Here is my talk:

And here is the panel discussion, in which I have quite a lively back and forth with Rosi Braidotti:

I highly recommend watching the other talks, which are also available here.

Reintroduction to Metaphysics II: Method and Practice

Posted in Uncategorized on February 20, 2015 by deontologistics

New Year’s greetings to everyone. Sorry there hasn’t been much up here in a while. For those of you who don’t know, I’m teaching an online course for the New Centre for Research and Practice titled ‘Reintroduction to Metaphysics’. The first half of the module, ‘The Speculative Return’, which dealt with the history of metaphysics, its 20th century decline, and its return to popularity within the Continental tradition, took place last year. The second half, ‘Method and Practice’, which will attempt to say something positive about the methodology of metaphysics and tackle a few specific metaphysical topics, is starting next week, and there’s still time to sign up to take it or audit it if you’re interested. For those who are curious, the syllabus is available here.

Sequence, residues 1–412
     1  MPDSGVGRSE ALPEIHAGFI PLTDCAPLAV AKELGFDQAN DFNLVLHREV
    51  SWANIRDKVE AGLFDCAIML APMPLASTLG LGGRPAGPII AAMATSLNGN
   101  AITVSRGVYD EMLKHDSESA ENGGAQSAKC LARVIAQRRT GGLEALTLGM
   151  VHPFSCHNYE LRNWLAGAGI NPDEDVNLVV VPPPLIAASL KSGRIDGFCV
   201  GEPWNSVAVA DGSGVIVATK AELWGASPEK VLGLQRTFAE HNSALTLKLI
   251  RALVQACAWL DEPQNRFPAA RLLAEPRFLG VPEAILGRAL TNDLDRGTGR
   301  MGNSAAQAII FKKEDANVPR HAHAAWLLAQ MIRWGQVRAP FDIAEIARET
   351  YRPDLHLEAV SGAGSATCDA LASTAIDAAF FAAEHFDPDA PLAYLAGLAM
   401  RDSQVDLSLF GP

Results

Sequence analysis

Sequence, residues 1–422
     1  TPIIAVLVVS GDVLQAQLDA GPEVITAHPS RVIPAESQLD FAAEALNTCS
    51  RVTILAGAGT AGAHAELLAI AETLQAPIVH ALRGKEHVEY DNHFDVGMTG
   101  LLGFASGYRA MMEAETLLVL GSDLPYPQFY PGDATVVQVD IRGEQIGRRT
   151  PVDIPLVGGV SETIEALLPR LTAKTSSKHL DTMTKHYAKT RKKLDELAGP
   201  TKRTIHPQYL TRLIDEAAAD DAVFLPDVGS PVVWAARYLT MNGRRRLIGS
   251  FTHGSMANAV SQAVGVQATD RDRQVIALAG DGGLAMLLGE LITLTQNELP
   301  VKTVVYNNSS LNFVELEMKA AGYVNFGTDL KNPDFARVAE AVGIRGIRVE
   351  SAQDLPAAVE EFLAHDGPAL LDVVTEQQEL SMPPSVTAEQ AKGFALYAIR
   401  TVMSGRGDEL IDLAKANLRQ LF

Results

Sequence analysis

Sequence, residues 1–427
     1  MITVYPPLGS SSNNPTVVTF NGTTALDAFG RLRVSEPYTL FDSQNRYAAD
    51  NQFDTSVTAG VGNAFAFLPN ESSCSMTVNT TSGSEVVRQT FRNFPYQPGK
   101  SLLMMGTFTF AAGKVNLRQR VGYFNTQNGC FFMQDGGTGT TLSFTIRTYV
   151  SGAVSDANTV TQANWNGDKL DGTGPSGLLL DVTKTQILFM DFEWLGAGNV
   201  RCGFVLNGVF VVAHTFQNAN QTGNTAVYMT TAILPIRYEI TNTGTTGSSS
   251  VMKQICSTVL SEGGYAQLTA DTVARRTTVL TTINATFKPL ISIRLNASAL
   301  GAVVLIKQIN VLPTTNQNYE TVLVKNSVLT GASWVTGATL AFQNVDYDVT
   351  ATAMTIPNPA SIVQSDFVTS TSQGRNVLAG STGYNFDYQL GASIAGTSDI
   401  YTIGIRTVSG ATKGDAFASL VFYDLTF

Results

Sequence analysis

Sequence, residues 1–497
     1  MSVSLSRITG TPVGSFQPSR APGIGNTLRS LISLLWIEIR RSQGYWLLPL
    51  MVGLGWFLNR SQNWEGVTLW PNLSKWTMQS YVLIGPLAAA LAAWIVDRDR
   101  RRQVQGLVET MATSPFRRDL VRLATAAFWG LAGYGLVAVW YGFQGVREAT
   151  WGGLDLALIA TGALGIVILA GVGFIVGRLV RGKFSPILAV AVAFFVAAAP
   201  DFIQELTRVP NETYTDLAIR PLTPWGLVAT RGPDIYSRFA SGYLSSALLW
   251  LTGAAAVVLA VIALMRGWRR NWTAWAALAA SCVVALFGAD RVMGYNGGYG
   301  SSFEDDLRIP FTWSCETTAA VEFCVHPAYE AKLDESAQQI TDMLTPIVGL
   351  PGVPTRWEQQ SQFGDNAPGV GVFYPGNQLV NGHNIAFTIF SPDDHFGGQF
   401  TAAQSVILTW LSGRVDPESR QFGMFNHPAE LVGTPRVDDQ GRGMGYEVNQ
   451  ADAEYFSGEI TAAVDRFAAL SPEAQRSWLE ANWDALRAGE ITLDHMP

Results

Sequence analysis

In Lighter News: EmanciNav

Posted in Uncategorized on October 15, 2014 by deontologistics

For those of you who may not be aware, myself and Armen Avanessian organised a Summer school on ‘Emancipation as Navigation‘ at the Haus der Kulturen der Welt in July. This involved seminars given by Reza Negarestani, Armen, myself, Anke Hennig, James Trafford, Deneb Kozikoski, Nick Srnicek, Lucca Fraser, Benedict Singleton, Helen Hester, and Ray Brassier, and a bunch of fantastic participants.

Some of these participants (most notably Benjamin Tippin) have now set up a blog to host the available audio of the event, and have started with the audio of my seminars. Unfortunately, not everyone wants their seminars made publicly available, but given some more audio magic (courtesy of Lendl Barcelos) there should be more audio made available soon, and maybe even some thoughts from the other participants.

A Response to Jon Cogburn

Posted in Uncategorized on October 14, 2014 by deontologistics